Advertisement

Plant Metabolism of Organic Xenobiotics. Status and Prospects of the ‘Green Liver’ Concept

  • Heinrich SandermannJr.
Chapter
Part of the Current Plant Science and Biotechnology in Agriculture book series (PSBA, volume 36)

Summary

The plant metabolism of xenobiotics resembles that of mammalian liver in terms of metabolite patterns, enzyme classes and protein as well as DNA sequences. Plants appear to contain isoenzymes with specificity for secondary plant substrates or xenobiotics. The derived ‘green liver’ concept is further supported by the following recent results:
  • O-, N-, and S-glucosyltransferases for xenobiotics occur in many higher and lower plant species. Cytochrome P450 monooxygenases for fatty acids and xenobiotics have been discovered in marine macroalgae. Glutathione-dependent formaldehyde dehydrogenase is identified as a progenitor of the plant alcohol dehydrogenase superfamily. Common indoor plants were active in the phytoremediation of air containing formaldehyde. Phytoremediation of soil and water also seems possible. However, new methods are required to overcome hydrophilic and lipophilic transport barriers. Several herbicides (glufosinate, glyphosate, isoproturon) were found to form metabolites that were identical in microbial, plant and animal systems.

  • The main prospects of the ‘green liver’ concept are seen in phytoremediation and in ecological genetics. A role of gene duplication and mutation, as well as genetic rearrangements is generally well established for the evolution of isoenzyme families. In addition, the existence of a gene pool in soil with potential accessibility to both microorganisms and plants is proposed because plant genes have recently been found to persist in soil over many months. A soil gene pool could contribute to processes such as soil adaptation to pesticides and horizontal gene transfer into microorganisms and plants.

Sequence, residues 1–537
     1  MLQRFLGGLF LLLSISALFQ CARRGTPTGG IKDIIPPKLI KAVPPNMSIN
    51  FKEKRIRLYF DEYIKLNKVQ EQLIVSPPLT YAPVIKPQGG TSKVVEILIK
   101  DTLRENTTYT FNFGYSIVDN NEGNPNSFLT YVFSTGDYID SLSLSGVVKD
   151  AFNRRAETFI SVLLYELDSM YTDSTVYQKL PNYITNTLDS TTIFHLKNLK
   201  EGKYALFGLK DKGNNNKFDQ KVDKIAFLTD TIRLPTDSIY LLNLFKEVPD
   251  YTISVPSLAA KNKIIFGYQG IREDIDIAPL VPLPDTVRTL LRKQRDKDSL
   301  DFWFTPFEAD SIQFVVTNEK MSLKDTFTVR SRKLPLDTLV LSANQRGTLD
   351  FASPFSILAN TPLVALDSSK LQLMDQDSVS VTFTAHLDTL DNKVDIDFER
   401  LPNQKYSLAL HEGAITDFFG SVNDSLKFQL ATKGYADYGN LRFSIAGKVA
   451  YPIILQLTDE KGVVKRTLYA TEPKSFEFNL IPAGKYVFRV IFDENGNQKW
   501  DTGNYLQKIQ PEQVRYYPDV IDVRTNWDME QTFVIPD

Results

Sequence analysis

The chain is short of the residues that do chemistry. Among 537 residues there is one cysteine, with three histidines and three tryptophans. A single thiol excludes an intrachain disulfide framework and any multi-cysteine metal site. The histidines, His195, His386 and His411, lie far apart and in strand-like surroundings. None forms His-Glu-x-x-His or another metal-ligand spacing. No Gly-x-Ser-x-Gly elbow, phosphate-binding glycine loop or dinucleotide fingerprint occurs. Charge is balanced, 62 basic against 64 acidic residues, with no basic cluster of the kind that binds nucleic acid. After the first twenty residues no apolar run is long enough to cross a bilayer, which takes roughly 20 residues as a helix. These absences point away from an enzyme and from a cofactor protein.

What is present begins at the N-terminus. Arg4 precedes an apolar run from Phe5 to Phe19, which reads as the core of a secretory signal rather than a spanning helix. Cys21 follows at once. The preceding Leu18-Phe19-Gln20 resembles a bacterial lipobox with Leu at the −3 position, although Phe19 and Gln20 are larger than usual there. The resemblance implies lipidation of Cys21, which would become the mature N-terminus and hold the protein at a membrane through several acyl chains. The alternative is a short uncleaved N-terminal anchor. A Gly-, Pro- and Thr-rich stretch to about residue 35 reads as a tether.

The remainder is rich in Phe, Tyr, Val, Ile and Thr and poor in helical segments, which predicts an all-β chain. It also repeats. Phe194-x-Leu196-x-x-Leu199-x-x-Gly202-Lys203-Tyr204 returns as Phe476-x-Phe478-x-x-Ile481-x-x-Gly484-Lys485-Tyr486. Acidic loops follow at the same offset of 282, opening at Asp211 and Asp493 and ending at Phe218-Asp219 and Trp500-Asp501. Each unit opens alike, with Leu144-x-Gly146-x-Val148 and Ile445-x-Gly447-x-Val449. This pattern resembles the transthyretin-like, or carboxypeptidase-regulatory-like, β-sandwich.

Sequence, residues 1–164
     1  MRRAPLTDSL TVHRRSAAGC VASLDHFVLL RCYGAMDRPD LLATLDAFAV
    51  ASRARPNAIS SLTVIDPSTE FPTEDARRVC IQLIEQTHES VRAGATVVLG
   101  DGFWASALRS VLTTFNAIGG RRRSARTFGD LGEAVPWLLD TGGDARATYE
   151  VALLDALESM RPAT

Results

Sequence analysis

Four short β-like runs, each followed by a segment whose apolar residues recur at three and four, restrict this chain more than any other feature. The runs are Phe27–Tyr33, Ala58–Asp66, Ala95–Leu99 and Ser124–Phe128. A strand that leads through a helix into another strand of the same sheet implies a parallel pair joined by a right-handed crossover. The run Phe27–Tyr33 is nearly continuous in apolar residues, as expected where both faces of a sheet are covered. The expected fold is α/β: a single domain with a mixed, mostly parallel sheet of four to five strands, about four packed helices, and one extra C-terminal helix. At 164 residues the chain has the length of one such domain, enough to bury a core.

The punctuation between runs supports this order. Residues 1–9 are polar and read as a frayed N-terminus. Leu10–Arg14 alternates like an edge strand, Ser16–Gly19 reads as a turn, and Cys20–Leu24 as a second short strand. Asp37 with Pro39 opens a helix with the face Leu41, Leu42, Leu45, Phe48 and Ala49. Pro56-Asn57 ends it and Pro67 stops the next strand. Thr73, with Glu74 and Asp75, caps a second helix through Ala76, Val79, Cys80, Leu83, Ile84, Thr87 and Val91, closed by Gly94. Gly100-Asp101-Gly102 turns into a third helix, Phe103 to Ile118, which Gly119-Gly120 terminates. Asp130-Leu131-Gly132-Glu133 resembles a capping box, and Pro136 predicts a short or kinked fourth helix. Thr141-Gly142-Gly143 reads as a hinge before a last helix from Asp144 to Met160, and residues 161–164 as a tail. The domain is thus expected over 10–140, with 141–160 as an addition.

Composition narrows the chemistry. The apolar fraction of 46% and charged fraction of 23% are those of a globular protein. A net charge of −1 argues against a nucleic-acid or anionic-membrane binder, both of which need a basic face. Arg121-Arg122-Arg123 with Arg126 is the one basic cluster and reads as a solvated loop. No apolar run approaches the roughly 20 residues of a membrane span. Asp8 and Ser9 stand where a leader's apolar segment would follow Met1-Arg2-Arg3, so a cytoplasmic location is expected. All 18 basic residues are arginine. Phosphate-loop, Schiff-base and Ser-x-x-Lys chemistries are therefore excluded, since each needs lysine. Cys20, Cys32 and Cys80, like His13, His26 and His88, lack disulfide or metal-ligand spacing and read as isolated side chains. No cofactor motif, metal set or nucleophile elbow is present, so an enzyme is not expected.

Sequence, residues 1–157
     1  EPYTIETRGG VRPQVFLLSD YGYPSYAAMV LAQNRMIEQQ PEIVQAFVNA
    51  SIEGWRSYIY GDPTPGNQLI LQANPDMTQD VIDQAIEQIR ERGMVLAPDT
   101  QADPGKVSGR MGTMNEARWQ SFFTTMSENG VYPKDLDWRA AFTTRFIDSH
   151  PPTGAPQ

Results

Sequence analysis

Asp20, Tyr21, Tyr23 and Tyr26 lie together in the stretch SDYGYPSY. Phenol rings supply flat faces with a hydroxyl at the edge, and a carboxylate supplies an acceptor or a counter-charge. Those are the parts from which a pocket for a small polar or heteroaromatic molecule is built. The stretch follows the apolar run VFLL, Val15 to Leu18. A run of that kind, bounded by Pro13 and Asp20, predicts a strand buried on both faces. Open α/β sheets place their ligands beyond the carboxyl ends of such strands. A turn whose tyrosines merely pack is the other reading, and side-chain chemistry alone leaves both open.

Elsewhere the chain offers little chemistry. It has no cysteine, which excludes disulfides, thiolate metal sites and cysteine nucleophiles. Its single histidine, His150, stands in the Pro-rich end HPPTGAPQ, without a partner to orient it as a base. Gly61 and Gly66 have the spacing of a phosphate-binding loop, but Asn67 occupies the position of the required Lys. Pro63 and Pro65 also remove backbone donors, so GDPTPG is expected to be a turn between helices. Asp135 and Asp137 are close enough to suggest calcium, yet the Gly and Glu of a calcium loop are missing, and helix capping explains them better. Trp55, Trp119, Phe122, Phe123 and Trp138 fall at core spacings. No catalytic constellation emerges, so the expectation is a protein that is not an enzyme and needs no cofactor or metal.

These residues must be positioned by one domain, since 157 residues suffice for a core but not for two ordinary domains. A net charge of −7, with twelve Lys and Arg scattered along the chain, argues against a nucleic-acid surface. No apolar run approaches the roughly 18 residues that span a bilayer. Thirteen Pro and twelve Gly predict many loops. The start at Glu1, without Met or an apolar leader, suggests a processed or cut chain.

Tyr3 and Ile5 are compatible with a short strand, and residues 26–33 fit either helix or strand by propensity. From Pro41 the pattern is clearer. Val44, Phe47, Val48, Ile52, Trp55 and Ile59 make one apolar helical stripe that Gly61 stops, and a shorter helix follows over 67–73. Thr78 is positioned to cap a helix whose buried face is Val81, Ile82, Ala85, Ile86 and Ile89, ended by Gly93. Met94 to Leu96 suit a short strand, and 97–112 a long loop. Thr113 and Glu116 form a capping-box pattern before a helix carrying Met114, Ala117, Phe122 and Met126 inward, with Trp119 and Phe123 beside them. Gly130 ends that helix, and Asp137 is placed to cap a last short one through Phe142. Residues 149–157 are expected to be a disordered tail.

Keywords

Horizontal Gene Transfer Cytochrome P450 Monooxygenases Metabolite Pattern Plant Cell Suspension Culture Ecological Genetic 
These keywords were added by machine and not by the authors. This process is experimental and the keywords may be updated as the learning algorithm improves.

Preview

Unable to display preview. Download preview PDF.

Unable to display preview. Download preview PDF.

References

  1. Batard Y et al. (1998) Plant J 14, 111–120.PubMedCrossRefGoogle Scholar
  2. Coleman JOD et al. (1997) Trends Plant Sci. 2, 144–151.CrossRefGoogle Scholar
  3. Davies J (1994) Science, 264, 375–382.PubMedCrossRefGoogle Scholar
  4. Droog F (1997) J Plant Growth Regul. 16, 95–107.CrossRefGoogle Scholar
  5. Ernst D et al. (1996) Plant Mol. Biol. Rep. 14, 143–148.CrossRefGoogle Scholar
  6. Fliegmann J, Sandermann H (1997) Plant Mol. Biol. 34, 843–854.PubMedCrossRefGoogle Scholar
  7. Giese M et al. (1994) Plant Physiol. 104, 1301–1309.PubMedGoogle Scholar
  8. Gressel J et al. (1996) In: Engineering Plants for Commercial Products and Applications, (Collins GB, Shepherd RJ, eds.), Annals NY Acad. Sci. 792, 140–152.Google Scholar